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Im following the approch outlined here to do this.

Im having a problem with validating a dropdown selection with xval, the MVC binding seems to infer the wrong thing an allowing the operation to pass validation, but the modelstate stores the binding exception and makes the page invalid - so I get the situation where operation is allowed to execute with invalid data, but the page is invalid so the user is lead to believe validation failed.

This might make it clearer

This is my drop down, assume the user did nothing so "Please select" is selected.

  Do you like cheese:
     <select name="Favourites.Cheese">
         <option>Please Select</option>
        <option value="1">Yes</option>
        <option value="0">No</option>
     </select>
     <%=Html.ValidationMessage("Favourites.Cheese")%>

This is the Controller action the from posts too, MVC maps the value false to fav.cheese,

public ActionResult Create(Favourites fav)
{
            try
            {
                _favTask.Create(fav);
            }
            catch (RulesException ex)
            {
                ex.AddModelStateErrors(ModelState, "Favourites");
            }

            if(!ModelState.IsValid)
            {
                //redirect back
            }
            //other stuff
 }

The property has been attributed

 pulic class Favourites
    {
         [Required]
          public bool Cheese{get;set;}
    }

No exceptions are throw because fav.cheese has a value

public int Create(Favourites fav)
{

   var errors = DataAnnotationsValidationRunner.GetErrors(fav);
   if (errors.Any())
       throw new RulesException(errors);

       //create fav   
 }

But when focus returns to the controller ModelState.Isvalid comes out as false, so the from is reloaded with the message The value 'Please Select' is invalid. How do I stop this, from happening and how do I xVal driven validation method of "Please select a value"?

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2 Answers 2

If you want the user to be able to not select a value and infer false, then I would give your default selection a value of 0. This way there will be a value sent even if they don't choose one and the Required attribute will be satisfied.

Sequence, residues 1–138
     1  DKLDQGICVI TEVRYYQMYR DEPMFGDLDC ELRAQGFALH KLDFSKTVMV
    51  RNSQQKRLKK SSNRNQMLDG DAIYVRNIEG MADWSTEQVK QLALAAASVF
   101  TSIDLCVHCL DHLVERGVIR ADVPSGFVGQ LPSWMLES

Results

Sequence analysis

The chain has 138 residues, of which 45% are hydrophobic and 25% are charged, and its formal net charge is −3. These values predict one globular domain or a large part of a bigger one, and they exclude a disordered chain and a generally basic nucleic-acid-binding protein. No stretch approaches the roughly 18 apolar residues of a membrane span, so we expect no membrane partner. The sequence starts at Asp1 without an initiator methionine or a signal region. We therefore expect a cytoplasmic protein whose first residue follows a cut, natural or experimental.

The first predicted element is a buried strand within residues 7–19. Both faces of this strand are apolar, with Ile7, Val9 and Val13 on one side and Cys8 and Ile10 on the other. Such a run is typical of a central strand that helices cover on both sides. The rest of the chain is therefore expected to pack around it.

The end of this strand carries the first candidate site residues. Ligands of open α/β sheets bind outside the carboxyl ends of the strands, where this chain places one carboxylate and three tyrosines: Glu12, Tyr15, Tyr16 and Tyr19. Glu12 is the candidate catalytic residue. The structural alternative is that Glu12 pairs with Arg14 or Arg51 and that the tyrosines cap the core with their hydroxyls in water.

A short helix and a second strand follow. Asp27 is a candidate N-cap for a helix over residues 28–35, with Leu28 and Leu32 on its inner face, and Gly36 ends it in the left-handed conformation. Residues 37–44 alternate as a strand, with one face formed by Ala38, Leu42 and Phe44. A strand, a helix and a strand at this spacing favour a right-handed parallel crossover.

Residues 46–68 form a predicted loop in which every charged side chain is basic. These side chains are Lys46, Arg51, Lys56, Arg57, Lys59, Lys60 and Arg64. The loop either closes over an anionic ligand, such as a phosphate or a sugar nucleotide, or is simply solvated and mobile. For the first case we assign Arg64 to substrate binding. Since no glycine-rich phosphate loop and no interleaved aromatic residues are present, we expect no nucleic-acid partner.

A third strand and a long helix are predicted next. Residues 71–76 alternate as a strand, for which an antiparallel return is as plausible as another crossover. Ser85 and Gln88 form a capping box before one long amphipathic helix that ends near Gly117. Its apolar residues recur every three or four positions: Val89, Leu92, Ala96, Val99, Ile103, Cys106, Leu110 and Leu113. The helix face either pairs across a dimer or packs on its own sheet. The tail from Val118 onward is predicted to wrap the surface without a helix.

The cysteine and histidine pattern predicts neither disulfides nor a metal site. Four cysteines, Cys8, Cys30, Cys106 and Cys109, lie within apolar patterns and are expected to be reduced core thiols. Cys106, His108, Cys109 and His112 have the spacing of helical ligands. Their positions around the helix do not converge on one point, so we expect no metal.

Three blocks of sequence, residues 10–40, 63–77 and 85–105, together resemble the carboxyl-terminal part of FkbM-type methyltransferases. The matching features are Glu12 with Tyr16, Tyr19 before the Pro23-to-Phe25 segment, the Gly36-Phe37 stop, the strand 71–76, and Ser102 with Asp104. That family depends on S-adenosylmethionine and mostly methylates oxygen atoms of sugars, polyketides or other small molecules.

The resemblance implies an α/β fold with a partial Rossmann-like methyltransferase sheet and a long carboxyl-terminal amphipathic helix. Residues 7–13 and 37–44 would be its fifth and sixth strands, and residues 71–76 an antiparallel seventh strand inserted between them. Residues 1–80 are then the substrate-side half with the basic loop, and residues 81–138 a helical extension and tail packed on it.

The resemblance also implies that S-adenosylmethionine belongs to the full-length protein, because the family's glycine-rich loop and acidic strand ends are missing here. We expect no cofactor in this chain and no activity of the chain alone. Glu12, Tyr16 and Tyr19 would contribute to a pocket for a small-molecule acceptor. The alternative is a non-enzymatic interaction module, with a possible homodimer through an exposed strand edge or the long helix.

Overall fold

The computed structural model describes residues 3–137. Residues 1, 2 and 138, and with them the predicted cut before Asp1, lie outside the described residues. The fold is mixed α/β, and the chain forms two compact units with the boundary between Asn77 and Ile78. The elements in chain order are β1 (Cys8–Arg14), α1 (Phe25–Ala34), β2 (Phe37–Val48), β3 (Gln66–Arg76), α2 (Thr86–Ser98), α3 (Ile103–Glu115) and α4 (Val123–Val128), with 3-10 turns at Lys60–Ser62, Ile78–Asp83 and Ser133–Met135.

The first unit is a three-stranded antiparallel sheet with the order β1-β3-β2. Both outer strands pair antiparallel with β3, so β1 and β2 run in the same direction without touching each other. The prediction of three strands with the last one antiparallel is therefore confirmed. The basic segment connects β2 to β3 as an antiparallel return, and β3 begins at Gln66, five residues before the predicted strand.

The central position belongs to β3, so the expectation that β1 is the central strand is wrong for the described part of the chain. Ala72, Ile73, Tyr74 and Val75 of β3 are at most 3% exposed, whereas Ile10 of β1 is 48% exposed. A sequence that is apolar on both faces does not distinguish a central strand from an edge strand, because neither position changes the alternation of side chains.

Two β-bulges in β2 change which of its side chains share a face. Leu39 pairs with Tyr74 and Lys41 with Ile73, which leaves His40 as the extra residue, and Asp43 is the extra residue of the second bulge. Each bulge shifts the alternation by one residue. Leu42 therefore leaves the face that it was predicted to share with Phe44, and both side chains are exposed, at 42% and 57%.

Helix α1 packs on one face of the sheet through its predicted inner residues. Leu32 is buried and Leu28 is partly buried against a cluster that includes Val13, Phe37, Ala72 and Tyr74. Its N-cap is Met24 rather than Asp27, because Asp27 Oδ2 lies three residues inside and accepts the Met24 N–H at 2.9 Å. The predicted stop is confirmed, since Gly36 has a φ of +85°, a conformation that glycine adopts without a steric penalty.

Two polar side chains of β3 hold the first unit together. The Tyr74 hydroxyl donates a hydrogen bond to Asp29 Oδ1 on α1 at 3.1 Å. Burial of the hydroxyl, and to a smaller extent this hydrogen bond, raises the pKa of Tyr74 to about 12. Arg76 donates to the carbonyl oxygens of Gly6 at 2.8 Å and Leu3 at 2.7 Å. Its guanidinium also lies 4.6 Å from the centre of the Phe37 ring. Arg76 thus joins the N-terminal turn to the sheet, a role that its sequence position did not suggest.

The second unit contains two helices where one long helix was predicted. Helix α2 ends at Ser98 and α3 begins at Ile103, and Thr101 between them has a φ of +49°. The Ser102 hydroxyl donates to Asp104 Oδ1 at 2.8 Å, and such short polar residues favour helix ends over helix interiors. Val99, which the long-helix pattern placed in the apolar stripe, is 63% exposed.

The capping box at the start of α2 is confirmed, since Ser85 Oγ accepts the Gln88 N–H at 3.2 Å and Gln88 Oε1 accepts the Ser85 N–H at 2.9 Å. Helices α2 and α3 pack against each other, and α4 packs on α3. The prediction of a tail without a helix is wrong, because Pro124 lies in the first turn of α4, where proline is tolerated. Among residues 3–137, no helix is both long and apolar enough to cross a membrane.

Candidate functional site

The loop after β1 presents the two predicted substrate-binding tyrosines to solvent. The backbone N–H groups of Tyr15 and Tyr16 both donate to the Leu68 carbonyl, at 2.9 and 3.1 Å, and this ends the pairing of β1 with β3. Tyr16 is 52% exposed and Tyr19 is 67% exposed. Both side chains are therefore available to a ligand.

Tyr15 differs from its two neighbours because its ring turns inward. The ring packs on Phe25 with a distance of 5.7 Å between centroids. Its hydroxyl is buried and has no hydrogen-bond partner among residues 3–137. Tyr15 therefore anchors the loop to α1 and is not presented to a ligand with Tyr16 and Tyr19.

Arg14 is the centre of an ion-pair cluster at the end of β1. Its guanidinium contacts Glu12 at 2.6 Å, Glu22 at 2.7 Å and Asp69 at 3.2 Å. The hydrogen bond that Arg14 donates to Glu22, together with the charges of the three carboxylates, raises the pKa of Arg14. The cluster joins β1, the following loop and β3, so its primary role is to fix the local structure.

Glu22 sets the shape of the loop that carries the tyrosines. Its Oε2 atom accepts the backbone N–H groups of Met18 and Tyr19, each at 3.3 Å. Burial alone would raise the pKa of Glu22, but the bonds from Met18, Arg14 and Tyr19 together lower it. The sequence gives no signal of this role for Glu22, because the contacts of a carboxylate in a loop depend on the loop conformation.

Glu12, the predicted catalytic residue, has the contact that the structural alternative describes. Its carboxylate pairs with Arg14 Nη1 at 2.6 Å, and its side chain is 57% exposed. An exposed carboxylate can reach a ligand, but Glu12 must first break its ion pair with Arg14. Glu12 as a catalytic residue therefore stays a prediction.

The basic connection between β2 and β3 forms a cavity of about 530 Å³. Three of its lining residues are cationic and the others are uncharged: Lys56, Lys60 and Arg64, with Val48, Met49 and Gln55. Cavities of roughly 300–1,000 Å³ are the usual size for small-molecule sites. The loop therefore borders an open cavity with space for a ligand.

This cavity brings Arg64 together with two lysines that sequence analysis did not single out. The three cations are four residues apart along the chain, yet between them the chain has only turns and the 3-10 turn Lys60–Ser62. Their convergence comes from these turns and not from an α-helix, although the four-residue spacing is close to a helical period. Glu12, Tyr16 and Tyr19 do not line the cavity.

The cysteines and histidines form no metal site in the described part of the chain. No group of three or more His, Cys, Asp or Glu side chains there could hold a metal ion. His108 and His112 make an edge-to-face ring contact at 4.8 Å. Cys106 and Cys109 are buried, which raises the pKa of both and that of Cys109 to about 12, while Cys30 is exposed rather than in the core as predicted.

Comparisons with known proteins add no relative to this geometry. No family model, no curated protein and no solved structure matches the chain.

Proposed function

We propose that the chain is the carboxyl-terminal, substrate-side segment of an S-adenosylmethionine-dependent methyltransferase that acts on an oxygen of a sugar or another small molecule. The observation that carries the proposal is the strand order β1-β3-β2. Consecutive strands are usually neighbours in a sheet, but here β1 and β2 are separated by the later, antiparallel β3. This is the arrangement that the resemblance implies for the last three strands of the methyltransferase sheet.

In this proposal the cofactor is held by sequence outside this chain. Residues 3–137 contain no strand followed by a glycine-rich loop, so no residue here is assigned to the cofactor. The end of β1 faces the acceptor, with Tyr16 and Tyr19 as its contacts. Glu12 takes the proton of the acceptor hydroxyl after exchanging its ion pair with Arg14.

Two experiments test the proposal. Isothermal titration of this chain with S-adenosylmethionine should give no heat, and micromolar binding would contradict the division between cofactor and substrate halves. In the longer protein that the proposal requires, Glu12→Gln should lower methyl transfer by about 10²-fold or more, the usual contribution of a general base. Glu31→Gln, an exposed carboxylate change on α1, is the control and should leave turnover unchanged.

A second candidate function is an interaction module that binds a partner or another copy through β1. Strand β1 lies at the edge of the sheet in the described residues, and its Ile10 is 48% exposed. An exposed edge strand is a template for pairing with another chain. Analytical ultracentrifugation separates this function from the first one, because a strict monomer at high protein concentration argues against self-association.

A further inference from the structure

<option value="0">Please Select</option>

EDIT: Based on your comments, I suggest some client-side validation using a client-side validation plugin -- like jQuery validation. This will allow you, in most cases, to give a suitable error message without having to actually post the request. On the server side, if the ModelState is invalid and that particular field is invalid, replace the error message with a more appropriate one. I wouldn't suggest changing the model just to accommodate binding framework.

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Mvc will map that to false no? thus it will appear something has been selected? –  Dan Apr 29 '09 at 7:21
    
Did I misunderstand your question? You said that now they get a validation error "The value "Please Select" is invalid" and you wanted to stop the error? What do you want to happen instead? –  tvanfosson Apr 29 '09 at 12:09
    
I want to display a message like "Please select a value" the current message is a by-product of MVC binding, not the xval validation no? –  Dan Apr 29 '09 at 21:57
    
Re your edit that doesnt seem right - a validation framework that cant Handel dropdowns - and thus I have to rely on client side - manual replace - I hope there is a better way. –  Dan Apr 30 '09 at 21:07
    
@Dan - The problem is that the value in the model has a correct value because a boolean must take on some value. You could make the field a nullable boolean, but that seems to be breaking the model to fit the validation framework. You could explicitly check that the field was supplied and set the model state manually, but why not just update the message? –  tvanfosson Apr 30 '09 at 21:35

Boolean is a value type, so it will always have a value. [Required] therefore has no real effect. What happens if you use a Nullable<bool> instead? This should allow MVC to assign a null value if the first option is selected, and the Required attribute can then assert that the user did in fact select a value.

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Doing this doesn't help. –  Dan Apr 30 '09 at 21:03

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